Chris Hughes’ brother discusses his testicular cancer diagnosis
If detected early, 98 percent of testicular cancer is curable, meaning men are able to survive 10 years or more. However, to receive treatment, you need to know when to see a doctor. The Robin Cancer Trust provided these statistics on testicular cancer while informing men how to check their testicles. Every month men are advised by the charity to feel their testicles after a hot shower or bath.
The key is to check each testicle, one at a time, using both hands by “firmly, but gently, rolling the testicle between the thumb and fingers”.
Feel for any lumps, tender spots, hardness, swelling or a feeling of heaviness.
Do note the sperm cord, known as the epididymis, can be “rather tender” to touch.
If you’re concerned about anything you feel in that area, then do book an appointment with your GP.
When the GP discusses your concerns with you, they may perform a transillumination.
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Cancer Research UK explained a transillumination is when the doctor shines “a strong light through your testicle”.
Light will shine through harmless, fluid-filled cysts called hydrocoele.
However, if there is a cancerous mass, the light will not shine through the solid lump.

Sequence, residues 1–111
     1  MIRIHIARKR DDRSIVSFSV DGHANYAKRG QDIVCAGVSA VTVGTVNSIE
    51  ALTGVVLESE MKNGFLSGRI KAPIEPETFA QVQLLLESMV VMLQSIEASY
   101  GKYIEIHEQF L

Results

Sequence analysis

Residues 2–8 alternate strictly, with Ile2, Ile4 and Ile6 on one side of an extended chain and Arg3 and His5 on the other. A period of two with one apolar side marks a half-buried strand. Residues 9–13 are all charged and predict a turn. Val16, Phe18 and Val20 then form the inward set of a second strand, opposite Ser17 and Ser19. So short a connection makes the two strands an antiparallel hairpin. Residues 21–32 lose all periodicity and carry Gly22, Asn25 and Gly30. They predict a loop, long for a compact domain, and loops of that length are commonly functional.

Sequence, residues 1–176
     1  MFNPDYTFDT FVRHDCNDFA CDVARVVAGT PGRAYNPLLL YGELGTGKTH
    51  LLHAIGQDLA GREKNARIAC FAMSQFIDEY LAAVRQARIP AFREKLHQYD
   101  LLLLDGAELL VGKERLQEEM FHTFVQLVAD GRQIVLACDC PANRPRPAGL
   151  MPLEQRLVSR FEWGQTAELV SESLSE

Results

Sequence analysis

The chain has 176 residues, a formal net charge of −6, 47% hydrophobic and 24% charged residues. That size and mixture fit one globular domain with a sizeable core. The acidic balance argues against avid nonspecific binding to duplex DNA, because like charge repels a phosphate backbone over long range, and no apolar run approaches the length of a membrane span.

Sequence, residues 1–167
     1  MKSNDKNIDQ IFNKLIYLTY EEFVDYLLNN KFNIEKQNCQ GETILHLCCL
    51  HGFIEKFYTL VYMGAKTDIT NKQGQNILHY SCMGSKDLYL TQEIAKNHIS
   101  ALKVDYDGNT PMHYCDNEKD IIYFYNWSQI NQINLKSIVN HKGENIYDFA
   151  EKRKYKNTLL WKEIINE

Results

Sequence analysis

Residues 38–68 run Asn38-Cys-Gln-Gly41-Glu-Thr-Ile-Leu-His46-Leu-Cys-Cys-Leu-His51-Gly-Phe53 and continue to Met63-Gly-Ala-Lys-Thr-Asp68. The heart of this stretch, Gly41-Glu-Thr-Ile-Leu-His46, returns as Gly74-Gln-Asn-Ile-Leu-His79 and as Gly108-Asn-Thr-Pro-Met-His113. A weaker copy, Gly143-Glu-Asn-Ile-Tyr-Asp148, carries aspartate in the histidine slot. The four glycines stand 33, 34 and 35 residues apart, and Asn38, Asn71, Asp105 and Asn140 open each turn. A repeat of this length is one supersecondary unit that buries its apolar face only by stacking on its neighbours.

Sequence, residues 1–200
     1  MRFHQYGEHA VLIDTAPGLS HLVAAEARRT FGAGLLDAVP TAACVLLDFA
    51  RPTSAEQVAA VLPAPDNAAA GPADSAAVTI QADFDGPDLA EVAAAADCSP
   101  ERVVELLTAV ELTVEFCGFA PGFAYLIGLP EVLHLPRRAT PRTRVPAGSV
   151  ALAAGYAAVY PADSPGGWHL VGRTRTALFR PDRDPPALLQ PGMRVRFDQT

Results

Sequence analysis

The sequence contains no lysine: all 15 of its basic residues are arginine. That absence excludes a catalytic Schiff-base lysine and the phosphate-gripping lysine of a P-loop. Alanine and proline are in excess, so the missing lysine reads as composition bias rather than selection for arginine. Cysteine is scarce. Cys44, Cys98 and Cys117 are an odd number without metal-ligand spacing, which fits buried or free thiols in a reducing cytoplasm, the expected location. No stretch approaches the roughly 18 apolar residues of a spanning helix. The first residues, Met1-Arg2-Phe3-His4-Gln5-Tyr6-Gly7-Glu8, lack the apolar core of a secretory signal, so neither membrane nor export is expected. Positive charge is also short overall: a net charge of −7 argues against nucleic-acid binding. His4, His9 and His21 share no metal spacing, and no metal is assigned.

Although the condition isn’t usually painful, the first symptom for some men may be a sharp pain in the testicle or scrotum.
This early indication of the disease happens in around one in five men.
If cancer spreads form the testicles to the lymph glands at the back of the tummy, additional symptoms can occur.
For example, a dull ache could permeate in the lower tummy, or a backache might be felt.
Although less common, testicular cancer can spread into the pelvic lymph glands.
Lumps felt around the collarbone or in the neck may be indicative of testicular cancer that has spread to lymph glands in other parts of the body.
If the cancer spreads to the lungs then a person may experience breathlessness or a cough.
What are the testicles?
They’re two small oval-shaped organs which hang below the penis in the scrotum.
Most testicular cancers start in the sperm-producing cells, known as germ cells.
“Men who are taller than average have an increased risk of testicular cancer,” stated Cancer Research UK.
The average height of a man in the UK is 5ft 9in according to the Office for National Statistics (ONS).
In the UK, white men have a higher risk of testicular cancer than other ethnic groups.
Another risk factor for the disease is having a family history of testicular disease.
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